Elliott’s review published on Letterboxd:
Francis Ford Coppola’s stunning The Godfather Part II isn’t just the perfect sequel but the perfect film, masterfully told, beautifully shot, brilliantly acted, chilling scored; Coppola’s crafted one of the greatest movies of all-time that is far superior to its predecessor.
Using the dual narrative as a way to juxtapose power given and power built, Puzo’s script stuns again with the gangster dialogue never feeling forced nor unconvincing and the contrast between the stories of Michael and Vito shows the ruthless building blocks from which the Corleone empire was built from and gives a whole new light to the story of the first film. The score from Nino Rota is even more brilliant than the first, using the spine-tingling theme for the first film with added arrangements and pieces that elevate the unstoppable drama of some scenes and helps you through quieter scenes and to appreciate the framing and cinematic language that Coppola uses better. However as well as Coppola uses the score as well as classic Italian-American pieces what’s perhaps more of a sign of his talents is when the score is not used to create an insurmountable level of tension in scenes that remains unmatched by any other film.
Somewhere in the world a guy must have created a re-edited Godfather trilogy where it’s all chronological and the scenes with Vito played by De Niro are at the start of the first film but that ll but ruins the impact of Godfather Part II. The point of the dual narrative structure isn’t just to tie up loose ends but to give a new light to previous and future events. Let’s take perhaps the most famous scene in the film where Vito and his friend are stealing a carpet from a family of means in the Italian dominated regions of America- on its own this scene plays as a masterfully constructed and intricately plotted sequence but knowing that this simple stealing of the rug started Vito’s slow descent into crime and the very beginnings of the Corleone mafia empire adds an added level of tension and dread to the scene- especially when the cop arrives at the door.
The cinematography from Gordon Willis plays no small part in this film’s success, in my opinion his contributions to the trilogy are as big as Coppola or Pacino’s and this film shows him at his strongest. As a DP ensemble staging is one of the hardest things to master, it’s a collaboration with the director and requires a sophisticated amount of choreography and a great eye for shot composition but where Michael and his posse are talking with Frank for the first time in the first half hour of the movie it’s one of the best shot sequences I’ve seen and the ensemble staging is flawless- though many praise the grandiose achievements for me it’s the small bits of technical mastery that define the first two films in the trilogy. Just as remarkable about Willis’ cinematography is his range- as opposed to his simplistic work for Woody Allen his work here is diverse with suspense-making long shots, masterful tracking takes, great transitions and purposeful close ups scattered meticulously throughout creating a lesson for all in how to shoot a film.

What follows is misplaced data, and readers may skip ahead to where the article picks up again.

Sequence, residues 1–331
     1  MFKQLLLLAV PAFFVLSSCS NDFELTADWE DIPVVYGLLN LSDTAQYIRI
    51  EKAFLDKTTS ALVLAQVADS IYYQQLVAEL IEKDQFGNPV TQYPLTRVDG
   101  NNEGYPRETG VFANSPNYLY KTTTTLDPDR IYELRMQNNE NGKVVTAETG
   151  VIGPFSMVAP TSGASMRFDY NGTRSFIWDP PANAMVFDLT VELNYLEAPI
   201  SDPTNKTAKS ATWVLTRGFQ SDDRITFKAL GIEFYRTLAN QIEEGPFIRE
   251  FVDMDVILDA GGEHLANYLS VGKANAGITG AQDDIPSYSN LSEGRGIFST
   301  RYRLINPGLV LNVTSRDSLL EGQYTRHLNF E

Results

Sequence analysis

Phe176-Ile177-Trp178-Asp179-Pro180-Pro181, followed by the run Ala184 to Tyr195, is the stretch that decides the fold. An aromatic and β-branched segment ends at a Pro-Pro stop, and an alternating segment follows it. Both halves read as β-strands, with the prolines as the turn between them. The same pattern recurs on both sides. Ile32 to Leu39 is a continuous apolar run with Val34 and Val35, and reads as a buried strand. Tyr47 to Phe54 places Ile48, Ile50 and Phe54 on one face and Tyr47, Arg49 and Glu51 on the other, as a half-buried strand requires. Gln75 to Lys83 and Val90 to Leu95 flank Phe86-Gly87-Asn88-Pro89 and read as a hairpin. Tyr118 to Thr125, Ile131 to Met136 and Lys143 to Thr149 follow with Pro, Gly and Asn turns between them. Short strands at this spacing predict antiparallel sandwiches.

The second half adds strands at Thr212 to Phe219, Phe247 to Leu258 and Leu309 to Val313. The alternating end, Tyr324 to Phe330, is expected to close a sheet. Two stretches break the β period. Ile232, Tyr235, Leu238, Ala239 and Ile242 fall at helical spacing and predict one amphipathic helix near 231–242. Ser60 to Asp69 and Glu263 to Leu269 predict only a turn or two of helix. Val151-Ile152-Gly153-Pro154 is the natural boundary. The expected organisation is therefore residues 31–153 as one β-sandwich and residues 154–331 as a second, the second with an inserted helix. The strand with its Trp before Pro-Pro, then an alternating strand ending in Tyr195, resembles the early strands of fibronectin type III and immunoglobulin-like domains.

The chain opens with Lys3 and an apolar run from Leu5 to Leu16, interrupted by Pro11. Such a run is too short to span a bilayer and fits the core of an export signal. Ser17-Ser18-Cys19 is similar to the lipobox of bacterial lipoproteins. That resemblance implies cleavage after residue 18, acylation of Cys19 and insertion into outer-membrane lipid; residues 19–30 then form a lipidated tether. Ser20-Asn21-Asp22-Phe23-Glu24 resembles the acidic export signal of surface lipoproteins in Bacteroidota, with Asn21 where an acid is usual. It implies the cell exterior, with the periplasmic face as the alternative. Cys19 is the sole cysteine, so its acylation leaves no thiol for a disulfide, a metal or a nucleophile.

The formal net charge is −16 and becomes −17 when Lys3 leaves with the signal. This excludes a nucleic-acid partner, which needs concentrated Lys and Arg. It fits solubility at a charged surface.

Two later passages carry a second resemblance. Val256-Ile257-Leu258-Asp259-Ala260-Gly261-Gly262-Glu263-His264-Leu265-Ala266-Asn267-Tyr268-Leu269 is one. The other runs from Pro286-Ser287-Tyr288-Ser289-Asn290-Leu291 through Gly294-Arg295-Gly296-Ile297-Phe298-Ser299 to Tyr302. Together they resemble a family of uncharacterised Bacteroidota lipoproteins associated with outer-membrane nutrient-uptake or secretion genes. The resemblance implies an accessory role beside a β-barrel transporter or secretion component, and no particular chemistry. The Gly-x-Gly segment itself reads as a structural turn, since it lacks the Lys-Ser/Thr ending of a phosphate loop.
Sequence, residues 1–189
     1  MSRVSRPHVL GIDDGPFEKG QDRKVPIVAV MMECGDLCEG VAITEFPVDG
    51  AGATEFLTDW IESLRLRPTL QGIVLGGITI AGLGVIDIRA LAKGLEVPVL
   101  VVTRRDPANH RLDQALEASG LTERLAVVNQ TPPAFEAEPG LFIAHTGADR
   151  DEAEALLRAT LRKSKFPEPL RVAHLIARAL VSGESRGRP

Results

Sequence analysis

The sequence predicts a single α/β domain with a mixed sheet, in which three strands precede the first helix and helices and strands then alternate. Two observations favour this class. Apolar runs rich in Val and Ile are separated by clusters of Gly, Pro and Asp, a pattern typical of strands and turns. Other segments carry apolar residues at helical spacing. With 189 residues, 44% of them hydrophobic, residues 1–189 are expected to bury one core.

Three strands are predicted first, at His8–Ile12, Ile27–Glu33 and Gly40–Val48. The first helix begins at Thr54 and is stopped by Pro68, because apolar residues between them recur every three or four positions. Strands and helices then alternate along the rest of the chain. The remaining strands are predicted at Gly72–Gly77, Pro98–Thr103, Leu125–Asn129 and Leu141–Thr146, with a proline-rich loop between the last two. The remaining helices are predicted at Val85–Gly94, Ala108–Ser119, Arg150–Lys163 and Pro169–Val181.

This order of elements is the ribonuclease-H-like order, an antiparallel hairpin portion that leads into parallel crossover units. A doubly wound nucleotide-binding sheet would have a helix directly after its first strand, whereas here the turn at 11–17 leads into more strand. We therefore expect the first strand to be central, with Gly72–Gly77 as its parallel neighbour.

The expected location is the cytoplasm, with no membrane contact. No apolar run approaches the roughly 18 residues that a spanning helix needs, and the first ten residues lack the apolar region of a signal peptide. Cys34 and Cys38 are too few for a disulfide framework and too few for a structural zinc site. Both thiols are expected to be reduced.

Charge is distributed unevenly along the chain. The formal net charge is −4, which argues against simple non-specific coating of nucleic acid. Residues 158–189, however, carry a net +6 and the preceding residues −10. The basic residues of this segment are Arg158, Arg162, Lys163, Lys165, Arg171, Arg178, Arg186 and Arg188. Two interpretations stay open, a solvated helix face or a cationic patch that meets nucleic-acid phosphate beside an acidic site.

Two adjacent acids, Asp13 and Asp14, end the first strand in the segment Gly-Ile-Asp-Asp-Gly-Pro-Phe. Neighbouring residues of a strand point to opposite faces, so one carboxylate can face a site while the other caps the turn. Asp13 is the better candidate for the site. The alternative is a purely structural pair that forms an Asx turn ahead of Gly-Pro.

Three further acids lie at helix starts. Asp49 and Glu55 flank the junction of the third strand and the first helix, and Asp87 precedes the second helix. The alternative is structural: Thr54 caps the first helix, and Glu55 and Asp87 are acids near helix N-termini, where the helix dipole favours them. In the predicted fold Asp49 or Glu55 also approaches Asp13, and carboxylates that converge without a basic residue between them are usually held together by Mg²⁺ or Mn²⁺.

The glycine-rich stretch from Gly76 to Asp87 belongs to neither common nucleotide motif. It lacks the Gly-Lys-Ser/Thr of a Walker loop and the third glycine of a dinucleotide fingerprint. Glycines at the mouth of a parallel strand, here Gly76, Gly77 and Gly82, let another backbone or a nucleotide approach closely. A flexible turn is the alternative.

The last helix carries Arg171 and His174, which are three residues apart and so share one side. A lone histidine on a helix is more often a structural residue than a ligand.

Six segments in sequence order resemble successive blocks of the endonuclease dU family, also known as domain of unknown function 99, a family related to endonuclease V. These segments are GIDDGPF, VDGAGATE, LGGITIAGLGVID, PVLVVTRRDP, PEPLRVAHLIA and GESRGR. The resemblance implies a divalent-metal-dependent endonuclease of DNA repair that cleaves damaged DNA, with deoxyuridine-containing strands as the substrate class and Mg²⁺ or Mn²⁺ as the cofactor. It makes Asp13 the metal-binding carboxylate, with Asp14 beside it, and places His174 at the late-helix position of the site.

The performances of course are all fantastic, Al Pacino’s swagger is mixed with unstoppable moments of pure potent emotion and anger that underpin his demeanour to give his performance an added level of depth compared to his in the previous film. Robert De Niro is subtly brilliant as Vito and is a more than worthy replacement for Brando, Diane Keaton yet again proves herself to be one of the finest actors of her generation with a staggering turn as Fay, James Caan and Robert Duvall are stunning as usual and even the child actor of Vito is fantastic, portraying a brilliant amount of emotion with very few words.
The best scenes in the film are a culmination of all the mind-blowing talent involves, the shooting of Fanucci, the shooting at New Year, the I’m your older brother scene- all of these scenes are some of the finest sequences in cinematic history and its these kinds of pulse-raising set pieces that make The Godfather Part II superior to its predecessor in my opinion. The story is more engaging, the characters are more developed, the score is more ranged, the performances are stronger and each and every person involved seems to have refined and improved their craft in the two years in between. The use of the environment of Cuba is brilliant, the abortion scene is absolutely phenomenal, the use of sets and costumes are breath-taking and it’s one of the finest American movies ever made.